The Poem

(Critical Guide to Poetry for Students)

“As Kingfishers Catch Fire” conveys Gerard Manley Hopkins’s sacramental vision that each creature and even each object in the world constantly announces its individuality, and that in so doing, in its own active and perceptible way it proclaims God’s grace. As a young man preparing for a career in art, Hopkins had been a close and penetrating observer of his surroundings. After his conversion to Roman Catholicism, this interest in the nature of things took the more spiritual cast that is reflected in this poem.

The poem is a Petrarchan sonnet in which the octave is devoted to the physical world, and the sestet to humanity. The poem begins by noting the play of light on kingfishers (a type of bright-colored bird) and dragonflies and continues with a series of aural images: the sound of a stone striking off the walls of a well, the sound of a plucked string (Hopkins uses the dialectal verb “tucked” rather than “plucked”), the sound of a large bell hung from a bow (as church bells are). In the second half of the octave, Hopkins explains the significance of these images. Ordinary though they are, each of these creatures and each of these objects makes itself, its particular character, known by its tangible, perceptible action. If attended to, the most mundane things are fraught with meaning.

Hopkins begins the sestet by boldly asserting that human beings also express their essential nature in what they do, although this nature is...

(The entire section is 423 words.)

As Kingfishers Catch Fire Forms and Devices

(Critical Guide to Poetry for Students)

Essentially a private poet, Hopkins developed quite distinctive characteristics of style, some of which are evident in “As Kingfishers Catch Fire.” As a Petrarchan sonnet, the poem is quite conventional in its fourteen five-beat lines and its abba abba cdc dcd rhyme scheme. It is, however, quite unconventional in its rhythm. Hopkins developed what he called “sprung rhythm,” in which a foot consisted of one stressed syllable and any number of unstressed syllables: one, two, three, even four—or none at all. The result can be a perfectly conventional line, such as “Bow swung finds tongue to fling out broad its name;” (stress on the second, fourth, sixth, eighth, and tenth syllables), or a more radical line, such as “Keeps grace: that keeps all his goings graces” (stress on the first, second, third, seventh, and ninth syllables). Hopkins felt that sprung rhythm approximated the rhythms of normal speech more closely than do the strictly patterned rhythms of conventional poetry, allowing for the fluidity of line and the precise placement of emphasis that readily strike the ear throughout “As Kingfishers Catch Fire.”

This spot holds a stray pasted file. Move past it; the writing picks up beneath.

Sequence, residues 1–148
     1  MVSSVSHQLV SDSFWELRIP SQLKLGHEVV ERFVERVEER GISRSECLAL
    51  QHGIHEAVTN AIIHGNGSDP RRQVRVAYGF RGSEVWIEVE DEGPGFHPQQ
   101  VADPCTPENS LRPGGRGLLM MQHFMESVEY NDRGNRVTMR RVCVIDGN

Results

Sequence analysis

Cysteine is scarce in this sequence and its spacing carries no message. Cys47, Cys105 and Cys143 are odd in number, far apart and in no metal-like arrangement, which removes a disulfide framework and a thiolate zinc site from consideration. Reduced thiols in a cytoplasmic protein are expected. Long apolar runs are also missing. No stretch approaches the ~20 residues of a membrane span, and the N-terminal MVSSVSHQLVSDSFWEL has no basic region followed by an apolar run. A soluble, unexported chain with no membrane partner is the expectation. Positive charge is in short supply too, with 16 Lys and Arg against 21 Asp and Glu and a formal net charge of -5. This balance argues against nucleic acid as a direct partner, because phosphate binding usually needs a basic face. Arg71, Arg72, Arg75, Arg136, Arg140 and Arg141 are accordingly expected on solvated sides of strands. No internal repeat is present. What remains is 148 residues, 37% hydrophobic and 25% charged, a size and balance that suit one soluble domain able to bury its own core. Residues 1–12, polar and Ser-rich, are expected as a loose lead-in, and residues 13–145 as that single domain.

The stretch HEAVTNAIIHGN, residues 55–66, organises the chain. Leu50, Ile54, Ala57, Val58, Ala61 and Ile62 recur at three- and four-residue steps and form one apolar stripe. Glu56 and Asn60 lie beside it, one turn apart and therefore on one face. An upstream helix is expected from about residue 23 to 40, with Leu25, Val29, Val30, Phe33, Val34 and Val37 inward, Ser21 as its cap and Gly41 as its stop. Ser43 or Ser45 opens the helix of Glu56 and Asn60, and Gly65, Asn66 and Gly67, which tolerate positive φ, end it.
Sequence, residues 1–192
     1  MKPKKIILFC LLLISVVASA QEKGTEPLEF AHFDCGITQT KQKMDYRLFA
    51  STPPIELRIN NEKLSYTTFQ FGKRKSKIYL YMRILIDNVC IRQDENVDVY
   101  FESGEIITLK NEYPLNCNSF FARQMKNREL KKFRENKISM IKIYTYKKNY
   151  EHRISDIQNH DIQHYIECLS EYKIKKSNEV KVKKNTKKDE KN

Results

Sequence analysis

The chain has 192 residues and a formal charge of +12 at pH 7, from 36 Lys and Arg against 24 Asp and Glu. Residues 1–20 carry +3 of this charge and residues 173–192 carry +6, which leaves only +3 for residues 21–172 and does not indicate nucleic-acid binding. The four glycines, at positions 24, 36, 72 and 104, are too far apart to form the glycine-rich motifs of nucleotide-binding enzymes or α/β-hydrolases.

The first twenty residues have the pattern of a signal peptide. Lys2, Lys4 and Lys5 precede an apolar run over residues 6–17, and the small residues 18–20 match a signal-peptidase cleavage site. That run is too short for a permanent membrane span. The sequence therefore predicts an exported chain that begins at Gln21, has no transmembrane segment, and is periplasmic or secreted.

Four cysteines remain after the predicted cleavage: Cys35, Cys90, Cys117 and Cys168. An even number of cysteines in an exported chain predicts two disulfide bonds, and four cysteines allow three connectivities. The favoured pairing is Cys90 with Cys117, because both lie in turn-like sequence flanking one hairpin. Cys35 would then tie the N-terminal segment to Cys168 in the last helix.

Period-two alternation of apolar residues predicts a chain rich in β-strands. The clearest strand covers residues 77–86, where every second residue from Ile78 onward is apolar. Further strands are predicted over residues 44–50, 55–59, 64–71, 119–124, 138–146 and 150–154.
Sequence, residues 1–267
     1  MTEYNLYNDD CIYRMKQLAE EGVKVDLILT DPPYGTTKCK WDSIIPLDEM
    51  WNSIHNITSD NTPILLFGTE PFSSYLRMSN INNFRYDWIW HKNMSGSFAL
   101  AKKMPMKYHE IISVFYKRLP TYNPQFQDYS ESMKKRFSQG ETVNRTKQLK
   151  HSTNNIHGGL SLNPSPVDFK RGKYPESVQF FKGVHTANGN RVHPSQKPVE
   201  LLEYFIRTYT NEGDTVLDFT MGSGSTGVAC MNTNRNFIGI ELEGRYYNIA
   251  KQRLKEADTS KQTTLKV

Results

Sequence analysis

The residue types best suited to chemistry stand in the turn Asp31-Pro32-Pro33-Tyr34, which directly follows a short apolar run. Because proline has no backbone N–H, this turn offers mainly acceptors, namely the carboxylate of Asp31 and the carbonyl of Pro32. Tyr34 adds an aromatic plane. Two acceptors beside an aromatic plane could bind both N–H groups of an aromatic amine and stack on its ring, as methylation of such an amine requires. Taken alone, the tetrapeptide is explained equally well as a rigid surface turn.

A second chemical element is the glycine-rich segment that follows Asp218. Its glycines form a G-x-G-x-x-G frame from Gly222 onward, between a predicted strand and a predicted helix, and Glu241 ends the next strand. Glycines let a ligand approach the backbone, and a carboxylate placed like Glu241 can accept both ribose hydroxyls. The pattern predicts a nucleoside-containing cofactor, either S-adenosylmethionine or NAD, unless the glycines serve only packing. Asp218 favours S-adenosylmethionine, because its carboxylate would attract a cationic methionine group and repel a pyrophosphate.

The poem makes use of other sound qualities as well. Hopkins uses consonance and alliteration to reinforce the poem’s forward impulsion and to emphasize, albeit unobtrusively, relationships in the poem. In the first line subjects and verbs alliterate, helping to establish the connection between creatures and what...

(The entire section is 587 words.)